Image: Courtesy of Rosalind Stanley, Blacktown Arts and Karina Kushnir.
Blacktown City Council in collaboration with Blacktown Arts has completed the ‘Smart Bins’ project by installing 18 new litter bins throughout the Blacktown LGA.
Several new smart waste bins have been installed throughout Blacktown City local government area in order to aesthetically enrich the location and neighbourhood amenity. Each smart bin has been wrapped using artists designs. Through an online platform, these smart waste bins are capable of monitoring waste levels to optimise waste collection schedules.
The project is fully funded by Council’s Civil Maintenance section. The artistic process for selecting the art works, designs, approvals and artist licensing agreements, are managed by the Arts and Cultural Development section, Blacktown Arts.
Key features of the smart bins include:
- can compact 6x more rubbish than a regular 240L bin
- technology allows for alerts to notify staff if the bins are full, faulty or have hazardous items inside eg glass, cigarettes etc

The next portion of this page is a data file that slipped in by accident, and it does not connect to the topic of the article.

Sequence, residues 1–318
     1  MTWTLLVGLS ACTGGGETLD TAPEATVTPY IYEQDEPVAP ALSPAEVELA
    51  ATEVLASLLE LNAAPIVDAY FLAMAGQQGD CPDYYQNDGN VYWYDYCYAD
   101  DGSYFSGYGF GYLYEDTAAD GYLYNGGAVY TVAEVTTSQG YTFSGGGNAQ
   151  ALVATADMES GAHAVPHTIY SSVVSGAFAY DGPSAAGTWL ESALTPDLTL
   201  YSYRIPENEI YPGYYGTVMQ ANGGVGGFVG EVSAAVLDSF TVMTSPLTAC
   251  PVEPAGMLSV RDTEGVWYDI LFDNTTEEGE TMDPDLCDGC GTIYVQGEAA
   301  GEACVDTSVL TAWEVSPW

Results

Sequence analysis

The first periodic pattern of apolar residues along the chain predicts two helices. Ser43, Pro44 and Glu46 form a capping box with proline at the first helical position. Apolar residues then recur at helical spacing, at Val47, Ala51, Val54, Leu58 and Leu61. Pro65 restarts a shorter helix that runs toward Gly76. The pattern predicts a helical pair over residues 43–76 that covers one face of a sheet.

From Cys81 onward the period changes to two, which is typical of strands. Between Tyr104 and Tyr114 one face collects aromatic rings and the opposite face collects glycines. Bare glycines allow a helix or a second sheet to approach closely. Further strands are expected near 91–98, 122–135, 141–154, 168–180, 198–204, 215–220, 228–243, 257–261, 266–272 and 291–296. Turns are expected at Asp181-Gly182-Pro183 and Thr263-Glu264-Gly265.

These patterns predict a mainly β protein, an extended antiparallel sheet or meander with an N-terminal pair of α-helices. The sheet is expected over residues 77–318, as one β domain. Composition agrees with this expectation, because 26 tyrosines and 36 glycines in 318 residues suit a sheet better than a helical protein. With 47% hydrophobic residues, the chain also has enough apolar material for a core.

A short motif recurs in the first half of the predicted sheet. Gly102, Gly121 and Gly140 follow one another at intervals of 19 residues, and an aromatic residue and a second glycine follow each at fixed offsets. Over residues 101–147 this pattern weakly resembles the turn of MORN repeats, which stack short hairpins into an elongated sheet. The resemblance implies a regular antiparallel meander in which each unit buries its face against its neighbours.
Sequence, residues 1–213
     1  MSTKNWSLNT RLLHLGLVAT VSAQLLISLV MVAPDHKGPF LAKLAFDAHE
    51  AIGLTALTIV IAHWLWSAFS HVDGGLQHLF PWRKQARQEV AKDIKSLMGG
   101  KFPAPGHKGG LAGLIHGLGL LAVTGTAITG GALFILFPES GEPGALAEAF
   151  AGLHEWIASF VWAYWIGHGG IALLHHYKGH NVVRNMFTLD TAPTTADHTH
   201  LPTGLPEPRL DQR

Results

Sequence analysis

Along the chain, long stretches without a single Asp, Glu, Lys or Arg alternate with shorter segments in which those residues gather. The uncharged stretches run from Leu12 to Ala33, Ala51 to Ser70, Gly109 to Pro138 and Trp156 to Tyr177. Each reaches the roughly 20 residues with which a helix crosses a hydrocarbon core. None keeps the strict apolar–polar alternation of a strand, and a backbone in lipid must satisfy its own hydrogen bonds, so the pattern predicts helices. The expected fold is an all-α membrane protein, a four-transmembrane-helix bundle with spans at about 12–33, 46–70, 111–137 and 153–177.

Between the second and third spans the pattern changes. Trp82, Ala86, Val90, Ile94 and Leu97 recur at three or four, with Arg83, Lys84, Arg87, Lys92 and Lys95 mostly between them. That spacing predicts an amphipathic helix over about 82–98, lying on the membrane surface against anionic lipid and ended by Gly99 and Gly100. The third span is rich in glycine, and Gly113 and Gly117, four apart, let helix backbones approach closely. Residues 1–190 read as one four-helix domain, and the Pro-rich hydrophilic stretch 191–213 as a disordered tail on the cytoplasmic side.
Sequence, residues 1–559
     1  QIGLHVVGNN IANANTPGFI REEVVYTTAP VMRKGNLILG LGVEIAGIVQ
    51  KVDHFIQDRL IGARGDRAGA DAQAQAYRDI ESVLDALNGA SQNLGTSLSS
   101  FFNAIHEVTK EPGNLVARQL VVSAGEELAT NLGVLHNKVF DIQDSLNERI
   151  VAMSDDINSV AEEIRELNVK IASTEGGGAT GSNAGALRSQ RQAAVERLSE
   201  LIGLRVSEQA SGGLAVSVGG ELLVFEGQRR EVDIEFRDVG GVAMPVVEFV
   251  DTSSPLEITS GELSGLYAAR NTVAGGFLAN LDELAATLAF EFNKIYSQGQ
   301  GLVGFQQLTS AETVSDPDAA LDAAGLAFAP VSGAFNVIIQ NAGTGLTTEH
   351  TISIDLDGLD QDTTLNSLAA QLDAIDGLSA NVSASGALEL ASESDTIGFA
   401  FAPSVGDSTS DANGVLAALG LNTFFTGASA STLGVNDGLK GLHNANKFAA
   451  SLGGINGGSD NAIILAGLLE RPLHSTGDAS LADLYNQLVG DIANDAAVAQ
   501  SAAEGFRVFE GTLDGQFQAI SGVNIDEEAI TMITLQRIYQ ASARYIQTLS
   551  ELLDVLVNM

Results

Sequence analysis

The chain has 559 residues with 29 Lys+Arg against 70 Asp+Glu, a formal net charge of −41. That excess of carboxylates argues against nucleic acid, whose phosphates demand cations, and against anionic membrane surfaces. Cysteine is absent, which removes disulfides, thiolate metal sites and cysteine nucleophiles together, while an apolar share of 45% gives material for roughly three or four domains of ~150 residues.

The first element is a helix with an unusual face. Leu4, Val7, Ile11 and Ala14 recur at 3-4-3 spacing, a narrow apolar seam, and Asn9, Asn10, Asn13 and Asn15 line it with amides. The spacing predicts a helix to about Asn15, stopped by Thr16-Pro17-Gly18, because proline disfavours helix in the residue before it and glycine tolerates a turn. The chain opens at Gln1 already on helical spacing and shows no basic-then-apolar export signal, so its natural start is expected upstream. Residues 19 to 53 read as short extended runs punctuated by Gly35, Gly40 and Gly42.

- bins require less servicing
- each bin features a different artists artwork around Blacktown LGA
- powered by solar.
- Dharug Ngurra - Dharug Country
- Dharug Mudgin
- Connection to Country
- Sharing Stories
- Across the Ocean
- Unprecedented: A word on repeat
- Waratah and Dragonfly
- Medicine Women of the Flannel Flower
- Windows in Time
- Hidden Natures Delight
- Tags of Beauty
- Let Me Carry Your Burden
- Aerosol Villain
- Rainbow Bee Eater
Dharug Ngurra – Dharug Country
Location: The Leo Kelly Blacktown Arts Centre
Artist: Leanne Watson/Redpath
Artist bio: Leanne is a Darug woman commonly known in the Aboriginal community as Mulgo meaning Black Swan and is the daughter of Aunty Edna Watson and Uncle Allan Watson.
She started painting at a young age, taught by her mother Aunty Edna Watson and her brother Bundeluk Watson, and is now an accomplished artist, illustrator and writer.
Cooee Mittigar won the prime minister children’s literacy award in 2020, a very proud moment in Leanne’s life to have a Darug language book recognised nationwide.
Location: Civic Centre
Artist: Aunty Edna Watson
Artist bio: Aunty Edna is a Dharug elder who has spent many years working in the community, she was one of the first Dharug people to teach Dharug culture and language in community and schools in Western Sydney.
Aunty Edna is an accomplished artist with deep connections to this place, her love of Dharug country and people has seen her walk an amazing path.
Connection to Country
Location: Bowman Hall
Artists: Uncle Danny Eastwood and JamesEastwood with Chifley College Dunheved Campus Students, Courtesy Solid Ground
Artists bio: Uncle Danny Eastwood is local to Blacktown and a proud Ngemba elder and prolific artist practicing as a painter, ceramicist and cartoonist for over four decades. His work features First Nations cultural stories, political commentary and environment elements.